Every track on A Seat at the Table is a hymn. I don’t mean that in the sense that the tracks are religious; they’re most certainly not. But they have a religious air. It’s not that the music doesn’t believe in anything; if anything, the religion on display here is a belief in the power of women.
For Solange, this groovy combination of R&B, pop, funk, and hip hop nearly outgrows her sister Beyoncé’s shadow. There are songs on here that will go down as some of the year’s best: “Cranes in the Sky”, “Mad” (which might be the best track Lil Wayne’s ever been on), and “Don’t Touch My Hair” — the album’s standout by far.
These songs are about being black, to be sure. After all, this is 2016. After To Pimp A Butterfly, it feels like every record from a figure in the black community is a statement about black realities. But more importantly, A Seat at the Table is about being a woman.
Because its tracks are mixed with spoken word interludes from important men and women in Solange’s life, A Seat at the Table feels authentic. This is a coming of age record that’s about being a woman, but it’s also about being Solange. While the record isn’t as incendiary as Lemonade, the songwriting here is intimate and the production is warm enough that it feels like Solange is sharing this with you in hopes you’ll empathize with her.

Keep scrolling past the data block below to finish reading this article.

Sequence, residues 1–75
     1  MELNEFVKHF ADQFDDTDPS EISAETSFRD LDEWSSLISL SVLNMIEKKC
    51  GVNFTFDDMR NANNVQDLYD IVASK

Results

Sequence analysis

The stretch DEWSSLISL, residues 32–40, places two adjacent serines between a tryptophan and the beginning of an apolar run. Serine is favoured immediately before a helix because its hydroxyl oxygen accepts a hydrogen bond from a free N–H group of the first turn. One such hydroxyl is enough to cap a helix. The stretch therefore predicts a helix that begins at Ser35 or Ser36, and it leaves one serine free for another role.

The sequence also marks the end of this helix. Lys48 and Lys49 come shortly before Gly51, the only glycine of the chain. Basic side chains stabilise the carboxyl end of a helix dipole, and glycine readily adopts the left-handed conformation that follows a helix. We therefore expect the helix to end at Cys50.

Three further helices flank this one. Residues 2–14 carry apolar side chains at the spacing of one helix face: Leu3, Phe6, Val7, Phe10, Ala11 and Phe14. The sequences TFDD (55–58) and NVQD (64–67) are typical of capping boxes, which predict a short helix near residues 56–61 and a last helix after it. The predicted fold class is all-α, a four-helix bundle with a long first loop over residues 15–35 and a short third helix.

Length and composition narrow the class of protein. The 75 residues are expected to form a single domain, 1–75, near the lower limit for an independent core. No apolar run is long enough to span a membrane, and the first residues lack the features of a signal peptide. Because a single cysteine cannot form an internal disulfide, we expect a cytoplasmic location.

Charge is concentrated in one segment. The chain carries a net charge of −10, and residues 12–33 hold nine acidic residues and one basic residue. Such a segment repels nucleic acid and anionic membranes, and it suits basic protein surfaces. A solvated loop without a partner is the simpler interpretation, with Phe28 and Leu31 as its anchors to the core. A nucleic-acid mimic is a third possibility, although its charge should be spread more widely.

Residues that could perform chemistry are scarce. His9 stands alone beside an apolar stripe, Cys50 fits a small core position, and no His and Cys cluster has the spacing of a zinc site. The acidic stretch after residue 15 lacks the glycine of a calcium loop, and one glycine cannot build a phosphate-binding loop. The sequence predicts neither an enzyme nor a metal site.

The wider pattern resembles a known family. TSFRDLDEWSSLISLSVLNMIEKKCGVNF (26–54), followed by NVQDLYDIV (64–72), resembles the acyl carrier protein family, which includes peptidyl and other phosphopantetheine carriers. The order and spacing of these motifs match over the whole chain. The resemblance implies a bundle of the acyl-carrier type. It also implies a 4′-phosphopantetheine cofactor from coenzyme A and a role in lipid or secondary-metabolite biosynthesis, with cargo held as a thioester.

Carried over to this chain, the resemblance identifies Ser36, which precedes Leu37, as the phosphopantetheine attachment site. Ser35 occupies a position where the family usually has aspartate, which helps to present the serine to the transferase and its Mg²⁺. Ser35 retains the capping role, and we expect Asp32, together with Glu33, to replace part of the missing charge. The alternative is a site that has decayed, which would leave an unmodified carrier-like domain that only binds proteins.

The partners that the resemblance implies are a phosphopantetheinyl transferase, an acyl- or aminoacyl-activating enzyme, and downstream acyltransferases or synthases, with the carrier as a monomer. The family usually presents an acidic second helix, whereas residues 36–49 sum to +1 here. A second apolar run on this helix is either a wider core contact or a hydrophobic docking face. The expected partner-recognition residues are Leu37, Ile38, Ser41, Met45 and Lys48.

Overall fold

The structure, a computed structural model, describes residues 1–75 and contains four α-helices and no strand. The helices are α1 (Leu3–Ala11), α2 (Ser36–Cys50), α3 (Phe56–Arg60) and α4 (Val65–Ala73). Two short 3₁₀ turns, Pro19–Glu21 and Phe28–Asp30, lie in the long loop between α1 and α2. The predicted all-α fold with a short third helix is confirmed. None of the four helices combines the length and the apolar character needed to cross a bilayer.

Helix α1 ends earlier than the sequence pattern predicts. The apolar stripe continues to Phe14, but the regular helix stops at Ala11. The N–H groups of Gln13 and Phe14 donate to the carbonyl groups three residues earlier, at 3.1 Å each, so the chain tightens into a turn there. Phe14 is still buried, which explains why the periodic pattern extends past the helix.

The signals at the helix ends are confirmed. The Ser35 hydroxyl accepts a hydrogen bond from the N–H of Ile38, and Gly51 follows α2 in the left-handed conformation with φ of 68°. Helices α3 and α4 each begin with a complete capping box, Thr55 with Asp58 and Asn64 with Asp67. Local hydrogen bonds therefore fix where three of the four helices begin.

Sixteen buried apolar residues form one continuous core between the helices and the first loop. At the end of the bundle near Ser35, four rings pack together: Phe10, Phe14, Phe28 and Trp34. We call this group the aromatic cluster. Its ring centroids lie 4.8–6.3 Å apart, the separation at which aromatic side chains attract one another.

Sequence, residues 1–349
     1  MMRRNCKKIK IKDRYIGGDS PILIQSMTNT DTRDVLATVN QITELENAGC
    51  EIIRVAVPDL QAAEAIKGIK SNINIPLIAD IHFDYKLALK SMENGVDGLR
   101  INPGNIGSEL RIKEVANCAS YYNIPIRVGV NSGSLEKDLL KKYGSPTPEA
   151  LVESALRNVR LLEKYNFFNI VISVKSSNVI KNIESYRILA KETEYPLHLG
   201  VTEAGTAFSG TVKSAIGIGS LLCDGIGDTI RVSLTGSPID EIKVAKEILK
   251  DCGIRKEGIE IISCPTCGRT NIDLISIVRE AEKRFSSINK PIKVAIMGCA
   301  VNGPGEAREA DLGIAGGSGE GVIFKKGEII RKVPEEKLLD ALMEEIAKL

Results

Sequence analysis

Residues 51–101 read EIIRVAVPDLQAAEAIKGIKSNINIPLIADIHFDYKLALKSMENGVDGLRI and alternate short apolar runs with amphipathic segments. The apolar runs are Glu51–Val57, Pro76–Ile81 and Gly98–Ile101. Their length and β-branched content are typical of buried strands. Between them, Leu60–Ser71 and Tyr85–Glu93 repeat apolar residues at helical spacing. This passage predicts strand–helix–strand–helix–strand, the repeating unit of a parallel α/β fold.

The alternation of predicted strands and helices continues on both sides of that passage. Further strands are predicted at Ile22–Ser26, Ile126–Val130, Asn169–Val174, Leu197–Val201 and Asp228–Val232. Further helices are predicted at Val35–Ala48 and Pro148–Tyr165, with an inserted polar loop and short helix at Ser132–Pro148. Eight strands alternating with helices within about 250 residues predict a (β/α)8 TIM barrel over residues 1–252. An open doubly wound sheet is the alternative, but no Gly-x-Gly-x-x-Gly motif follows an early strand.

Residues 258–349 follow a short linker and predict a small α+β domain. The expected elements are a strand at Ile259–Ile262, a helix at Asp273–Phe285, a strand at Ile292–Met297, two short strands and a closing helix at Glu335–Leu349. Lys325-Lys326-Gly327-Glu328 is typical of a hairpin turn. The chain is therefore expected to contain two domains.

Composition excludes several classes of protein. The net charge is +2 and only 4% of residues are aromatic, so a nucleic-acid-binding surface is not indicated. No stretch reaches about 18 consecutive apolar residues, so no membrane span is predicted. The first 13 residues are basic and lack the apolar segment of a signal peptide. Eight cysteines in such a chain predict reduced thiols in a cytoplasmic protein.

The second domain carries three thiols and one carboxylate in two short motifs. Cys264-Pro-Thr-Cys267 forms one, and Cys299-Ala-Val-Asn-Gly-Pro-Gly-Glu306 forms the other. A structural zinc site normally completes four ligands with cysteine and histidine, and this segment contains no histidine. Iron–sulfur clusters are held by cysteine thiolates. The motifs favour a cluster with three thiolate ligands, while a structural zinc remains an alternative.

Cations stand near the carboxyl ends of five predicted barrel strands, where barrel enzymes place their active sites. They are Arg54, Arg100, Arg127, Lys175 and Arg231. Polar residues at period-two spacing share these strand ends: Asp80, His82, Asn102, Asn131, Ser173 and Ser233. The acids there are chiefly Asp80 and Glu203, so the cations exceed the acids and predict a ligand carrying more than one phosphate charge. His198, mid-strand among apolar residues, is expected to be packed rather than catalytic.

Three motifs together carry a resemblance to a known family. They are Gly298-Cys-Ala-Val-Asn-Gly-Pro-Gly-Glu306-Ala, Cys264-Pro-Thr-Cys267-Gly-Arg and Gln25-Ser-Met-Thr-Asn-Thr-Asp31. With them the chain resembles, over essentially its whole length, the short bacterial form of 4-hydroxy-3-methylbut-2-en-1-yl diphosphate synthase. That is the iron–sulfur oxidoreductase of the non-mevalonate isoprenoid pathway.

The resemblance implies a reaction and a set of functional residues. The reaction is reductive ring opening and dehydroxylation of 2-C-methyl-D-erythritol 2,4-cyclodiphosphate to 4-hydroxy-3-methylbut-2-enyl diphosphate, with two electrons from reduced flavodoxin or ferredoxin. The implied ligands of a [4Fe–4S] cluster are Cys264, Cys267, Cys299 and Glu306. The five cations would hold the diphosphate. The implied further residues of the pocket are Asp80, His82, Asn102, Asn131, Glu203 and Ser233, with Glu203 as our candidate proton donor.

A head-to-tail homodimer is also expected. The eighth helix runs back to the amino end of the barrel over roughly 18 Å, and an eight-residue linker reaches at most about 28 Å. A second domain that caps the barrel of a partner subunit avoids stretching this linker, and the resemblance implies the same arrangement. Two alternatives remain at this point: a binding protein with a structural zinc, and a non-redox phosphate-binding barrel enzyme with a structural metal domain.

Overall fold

That’s what makes so many of these songs — even less noted tracks like “Where Do We Go” — work so well. I’m a white guy from Canada; I don’t know anything about the world Solange sings about. I can never claim to have recognized it. But A Seat at the Table makes me feel like I’ve experienced it, and I empathize with the plight of black womanhood in America in 2016.
“I’m weary of the ways of the world,” Solange sings on “Weary”. “Be weary of the ways of the world.” On my second play through of A Seat at the Table, I find myself nodding along. I empathize, but I’m also convicted in this. As a white man, I am part of the problem. Can I be part of the solution?
A Seat at the Table is a powerful record. I believe, and hope, it can create dialogue like this in our communities. So yes, this is Solange’s best record. She’s finally come into her own. The music is beautiful and her style is just right. She’s not trying to imitate anybody else (or if she is, she’s hiding it well). It’s a great record.
But it doesn’t matter that this is her best record. None of that matters. Solange wants our attention, and she’s got something to say. It’s time to listen.